Fathers call for greater equality

Dads have called for more equality and engagement in their parenting role, so says CELINE MORAN, Parenting Specialist and ‘Being Dad’ report author, at the Childhood Development Initiative
Fathers call for greater equality

Fathers reported in a new study that relationships with their children were of great importance.

DADS have called for greater equality, more engagement and tailored supports for their role as fathers, in a new report on parenting.

These findings and more are in a report called ‘Being Dad’, published by community development organisation the Childhood Development Initiative (CDI).

The report showed some men struggling to be involved as equal caregivers and encountering obstacles – including economic, structural, psychological and interpersonal.

However, the study found that dads expressed their experience of being a parent as very positive and rewarding. Relationships with their children were of great importance and they wanted to be actively involved as equal caregivers.

Barriers identified were work commitments, lack of information and supports for Dads and a tendency to defer to Mothers as expert in child rearing.

Many dads expressed the view that despite wanting to be actively involved, barriers existed in interacting with health care professionals, with many feeling unacknowledged.

Celine Moran, Parenting Specialist and ‘Being Dad’ report Author at the Childhood Development Initiative
Celine Moran, Parenting Specialist and ‘Being Dad’ report Author at the Childhood Development Initiative

Sample quotes from participating Dads in the report include:

“I’ve been loving it, I’ve got a little daddy’s girl too, it’s really rewarding. I really like how she reacts to me.”

“I just love it – like I’m extremely happy being a parent.”

“Being a dad is – it’s quite an amazing experience, you know. It has its difficulties, but the good sides outweigh the bad sides of it.”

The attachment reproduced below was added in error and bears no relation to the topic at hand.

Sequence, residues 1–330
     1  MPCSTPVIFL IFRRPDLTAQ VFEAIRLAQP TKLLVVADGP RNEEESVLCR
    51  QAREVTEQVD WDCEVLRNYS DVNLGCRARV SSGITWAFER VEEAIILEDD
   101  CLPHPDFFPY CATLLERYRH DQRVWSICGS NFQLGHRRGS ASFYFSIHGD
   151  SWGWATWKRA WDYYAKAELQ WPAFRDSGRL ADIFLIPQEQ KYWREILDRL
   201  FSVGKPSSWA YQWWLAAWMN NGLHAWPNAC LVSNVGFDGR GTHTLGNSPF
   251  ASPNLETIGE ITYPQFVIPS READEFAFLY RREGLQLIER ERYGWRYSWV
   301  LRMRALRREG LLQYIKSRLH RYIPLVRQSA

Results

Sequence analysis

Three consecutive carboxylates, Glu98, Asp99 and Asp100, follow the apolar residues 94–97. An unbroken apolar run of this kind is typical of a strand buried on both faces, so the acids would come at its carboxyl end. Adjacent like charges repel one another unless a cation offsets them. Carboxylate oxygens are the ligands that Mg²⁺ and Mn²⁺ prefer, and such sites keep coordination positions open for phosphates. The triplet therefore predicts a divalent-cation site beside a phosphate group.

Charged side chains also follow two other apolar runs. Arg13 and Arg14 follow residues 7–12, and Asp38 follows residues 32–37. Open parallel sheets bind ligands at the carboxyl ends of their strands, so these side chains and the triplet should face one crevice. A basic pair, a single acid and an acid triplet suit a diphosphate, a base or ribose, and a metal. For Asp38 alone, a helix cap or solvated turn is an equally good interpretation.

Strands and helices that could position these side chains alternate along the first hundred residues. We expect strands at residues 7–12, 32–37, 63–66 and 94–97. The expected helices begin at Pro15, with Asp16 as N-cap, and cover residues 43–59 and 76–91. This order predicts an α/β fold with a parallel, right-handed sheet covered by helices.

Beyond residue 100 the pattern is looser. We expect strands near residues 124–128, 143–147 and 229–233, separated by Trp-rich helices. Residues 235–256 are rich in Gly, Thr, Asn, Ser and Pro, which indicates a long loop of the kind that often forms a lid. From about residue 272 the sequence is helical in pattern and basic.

“I was walking on clouds for a good while. I was just in that blissful space and I was just overwhelmingly happy.”

Three major themes emerged from in-depth interviews with the participating dads.

1. Embracing Fatherhood

The dads largely expressed their experience of being a Dad in very positive and rewarding terms.

Their relationships with their children are of great importance and they expressed aspirations to be actively involved as equal caregivers in the lives of their children.

2. The desire for greater equality in caregiving

Several factors act as barriers to Dads being equal caregivers. Those include work commitments, lack of information and supports for dads, mixed messaging on their role and a tendency to defer to mothers as experts in child rearing.

Lack of supports for dads, expectant, new and experienced, was a significant barrier. 

Dads felt that resources, materials, and support groups were directed towards mothers, rather than both parents.

3. Seeking parity of esteem in encounters with health care professionals

Many dads expressed the view that despite endeavouring to be actively involved, barriers still existed in interacting with health care professionals.

Dads want to play active a role in the lives of their children, but lack of support for and acknowledgement of their role was an inhibiting factor.

Considering these findings, the Being Dad report recommended a systematic approach to engagement with expectant fathers, involving them from the beginning. 

Pregnancy and birth are the first major opportunities to include fathers as equal caregivers of their children and to support their partners.

To support fathers a range of information materials specifically on the importance of the father’s role, how to care for and bond with baby, support mothers and become a co-parent would enhance a family-centred approach.

Fathers are frequently not named in information resources for expectant and new parents, with the materials referring to mother’s partner. Many fathers attend ante-natal education classes, but some do not feel they address their needs or inform the transition to fatherhood.

To achieve change in father’s experiences of interactions with health care professionals, both maternity and community based, and to address inconsistencies reported in the inclusion of fathers, ‘father inclusion’ training is required.

The importance of fathers role, the long-term consequences for children with limited or no paternal engagement, and tools to integrate targeted approaches should be incorporated into training for health and social care professionals, hospital, and community based, working with babies, children, and families.

The report comprised a questionnaire and in-depth interview with 11 dads. Between them, participants had 16 children, aged between three months to thirteen years.

See www.cdi.ie and also from Lads to Dads and https://www.facebook.com/FromLadstoDads/

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